Thus, Plaintiffs argue that because the Defendants' failure to produce all responsive ESI discovery has prejudiced the Plaintiffs and because such omissions are ongoing and intentional, that the Court should strike the Defendants' pleadings and enter a final default judgment against both Defendants (DE # 278 at 13). In addition, Plaintiffs request that the Defendants be ordered to pay the costs associated with Plaintiffs having to bring the Renewed Motion to Compel.
*3 In their written response, Defendants generally took issue with some of the persons/custodians identified by the Plaintiffs as having information relevant to this action. In addition, Defendants provided their specific objections regarding the search and production of ESI materials for each identified custodian identified by Plaintiffs and also explained why some ESI was not available for certain periods of time for specific custodians.
At the hearing, Defendants conceded that not all relevant requested ESI was produced, and stated that, in hindsight, an E-discovery consultant/vendor should have been retained by the Defendants to assist in searching for the responsive electronic information. The Defendants, also however, reiterated the position in their papers, and further indicated that additional ESI discovery had recently been produced to the Plaintiffs, and stated that the Defendants had brought additional discovery to Court that they were prepared to deliver to Plaintiffs at the conclusion of the hearing. In addition, Defendants noted that they have already produced hundreds of thousands of documents in this case in both ESI and hard copy. Defendants also asserted that they ran searches using relevant search terms, and by October 8, 2010, had produced more than thirty-thousand bates-stamped documents from, at least, six different custodians. In addition, Defendants emphasized that their clients are overseas and are located in, at least, two different countries, which complicated the coordination of the Defendants' production.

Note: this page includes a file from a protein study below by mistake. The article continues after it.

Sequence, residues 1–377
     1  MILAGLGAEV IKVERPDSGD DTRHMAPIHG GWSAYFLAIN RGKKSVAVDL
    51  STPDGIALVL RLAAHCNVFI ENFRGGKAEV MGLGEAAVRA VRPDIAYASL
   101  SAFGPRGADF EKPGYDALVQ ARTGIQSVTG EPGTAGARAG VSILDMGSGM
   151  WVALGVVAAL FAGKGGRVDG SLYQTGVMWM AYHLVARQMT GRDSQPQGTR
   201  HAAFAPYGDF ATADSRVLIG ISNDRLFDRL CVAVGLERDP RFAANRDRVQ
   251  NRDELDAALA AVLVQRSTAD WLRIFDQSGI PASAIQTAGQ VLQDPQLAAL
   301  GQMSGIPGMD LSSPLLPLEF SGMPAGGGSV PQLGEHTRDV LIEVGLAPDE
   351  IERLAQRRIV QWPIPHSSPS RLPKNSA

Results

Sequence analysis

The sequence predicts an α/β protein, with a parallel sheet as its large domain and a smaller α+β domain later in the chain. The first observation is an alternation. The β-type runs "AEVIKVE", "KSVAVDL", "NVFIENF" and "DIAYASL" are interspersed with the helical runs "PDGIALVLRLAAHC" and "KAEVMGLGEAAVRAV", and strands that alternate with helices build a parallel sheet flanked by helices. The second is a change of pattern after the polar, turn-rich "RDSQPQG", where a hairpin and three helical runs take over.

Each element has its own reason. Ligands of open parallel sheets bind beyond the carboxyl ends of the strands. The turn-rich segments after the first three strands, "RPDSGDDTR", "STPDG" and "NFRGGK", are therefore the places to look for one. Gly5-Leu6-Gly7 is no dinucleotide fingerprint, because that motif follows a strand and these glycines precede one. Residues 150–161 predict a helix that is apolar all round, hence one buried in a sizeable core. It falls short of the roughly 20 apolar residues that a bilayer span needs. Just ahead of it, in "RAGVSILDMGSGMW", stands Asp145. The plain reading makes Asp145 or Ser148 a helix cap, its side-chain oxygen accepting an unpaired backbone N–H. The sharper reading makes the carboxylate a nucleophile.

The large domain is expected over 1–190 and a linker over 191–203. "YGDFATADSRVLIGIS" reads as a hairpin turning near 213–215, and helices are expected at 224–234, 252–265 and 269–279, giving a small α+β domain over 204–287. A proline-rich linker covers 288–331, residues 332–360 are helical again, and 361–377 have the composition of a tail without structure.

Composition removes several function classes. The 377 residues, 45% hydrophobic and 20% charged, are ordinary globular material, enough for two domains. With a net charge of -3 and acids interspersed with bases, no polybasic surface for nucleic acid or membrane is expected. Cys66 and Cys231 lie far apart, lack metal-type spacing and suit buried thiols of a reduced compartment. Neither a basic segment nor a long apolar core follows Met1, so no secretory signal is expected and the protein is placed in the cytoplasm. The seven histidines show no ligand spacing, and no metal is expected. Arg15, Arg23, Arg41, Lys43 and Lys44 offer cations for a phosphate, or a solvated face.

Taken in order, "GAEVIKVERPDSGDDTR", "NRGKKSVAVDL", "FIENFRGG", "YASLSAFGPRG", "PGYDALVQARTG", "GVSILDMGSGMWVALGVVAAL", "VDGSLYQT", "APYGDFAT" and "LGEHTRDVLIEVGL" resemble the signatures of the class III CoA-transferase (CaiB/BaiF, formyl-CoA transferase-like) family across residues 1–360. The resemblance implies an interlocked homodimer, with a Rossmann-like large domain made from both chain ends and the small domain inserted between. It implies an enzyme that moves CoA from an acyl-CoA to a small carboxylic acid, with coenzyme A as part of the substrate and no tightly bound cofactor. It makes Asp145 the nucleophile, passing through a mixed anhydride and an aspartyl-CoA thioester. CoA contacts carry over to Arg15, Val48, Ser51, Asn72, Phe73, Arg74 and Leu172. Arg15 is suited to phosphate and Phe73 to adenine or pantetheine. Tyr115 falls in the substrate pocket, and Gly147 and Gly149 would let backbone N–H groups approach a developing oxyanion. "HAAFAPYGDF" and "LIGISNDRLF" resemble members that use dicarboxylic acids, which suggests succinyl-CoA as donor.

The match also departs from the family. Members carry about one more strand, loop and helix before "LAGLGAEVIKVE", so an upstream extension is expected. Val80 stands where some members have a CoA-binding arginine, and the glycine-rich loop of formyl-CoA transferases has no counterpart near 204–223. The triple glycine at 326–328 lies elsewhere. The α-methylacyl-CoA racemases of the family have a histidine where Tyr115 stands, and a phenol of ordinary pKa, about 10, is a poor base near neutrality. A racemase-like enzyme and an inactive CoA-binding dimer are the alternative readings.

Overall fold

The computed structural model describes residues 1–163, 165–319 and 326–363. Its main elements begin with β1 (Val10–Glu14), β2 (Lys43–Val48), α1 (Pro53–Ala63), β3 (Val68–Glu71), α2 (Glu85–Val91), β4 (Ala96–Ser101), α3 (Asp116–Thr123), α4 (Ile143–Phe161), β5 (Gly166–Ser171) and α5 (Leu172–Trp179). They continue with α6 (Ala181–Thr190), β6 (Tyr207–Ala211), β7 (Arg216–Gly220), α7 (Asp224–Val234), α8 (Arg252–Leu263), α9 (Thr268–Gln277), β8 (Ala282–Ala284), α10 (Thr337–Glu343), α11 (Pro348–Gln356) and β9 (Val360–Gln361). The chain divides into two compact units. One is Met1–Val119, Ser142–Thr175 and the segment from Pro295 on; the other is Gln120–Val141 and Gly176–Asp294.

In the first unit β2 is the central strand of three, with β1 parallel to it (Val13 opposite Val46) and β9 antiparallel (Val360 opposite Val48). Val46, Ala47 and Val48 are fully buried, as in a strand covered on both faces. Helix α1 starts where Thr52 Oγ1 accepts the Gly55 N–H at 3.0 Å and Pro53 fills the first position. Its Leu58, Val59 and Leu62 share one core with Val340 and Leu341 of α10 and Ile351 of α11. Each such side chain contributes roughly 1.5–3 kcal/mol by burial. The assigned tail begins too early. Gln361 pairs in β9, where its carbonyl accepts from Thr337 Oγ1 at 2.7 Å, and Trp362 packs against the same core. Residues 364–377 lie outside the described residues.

Further, Defendants asserted that because this matter concerned a breach of contract claim regarding the alleged failure to properly manage a vessel, that the bulk of the relevant evidence is in the form of communications between Plaintiffs and Defendants, and thus Plaintiffs have copies of those correspondence already in their possession. Finally, Defendants argued that many of the “gaps” in ESI or discovery responses were not pointed out to the Defendants until the Renewed Motion to Compel was filed.
However, ultimately at the hearing, the Defendants agreed to re-run the recent searches conducted by the Defendants, and to also run searches on all of the custodians that Plaintiffs complained had never been searched but should have been.
Defendants have emphasized that Plaintiffs have failed to demonstrate any actual prejudice from the late-produced discovery. On the contrary, Defendants assert that the untimely discovery materials were, if anything, helpful to Defendants. Plaintiffs were unable to refute this, asserting that they had not had sufficient time to review the recently produced materials. In addition, Plaintiffs claimed that the discovery defalcations were so significant, that they had no confidence that all responsive materials would ever be produced.
*4 At the outset, the undersigned notes that this is the latest of several discovery disputes arising from the failure of the Defendants to produce and/or thoroughly search for potentially relevant electronically stored information in this litigation. As stated at the hearing, it appears that many of the disputes related to the production of e-discovery could have been significantly narrowed, if not totally avoided, had the Parties held an ediscovery conference early-on in the litigation as required by Federal Rule of Civil Procedure 26(f), wherein issues regarding disclosure and production of ESI could have been thoroughly discussed. Further, additional guidance on requests for and the production of ESI is available to the Parties in Section III of the Discovery Practice Handbook which is attached to the Local Rules for the Southern District of Florida's Local Rules, which the Parties should have consulted.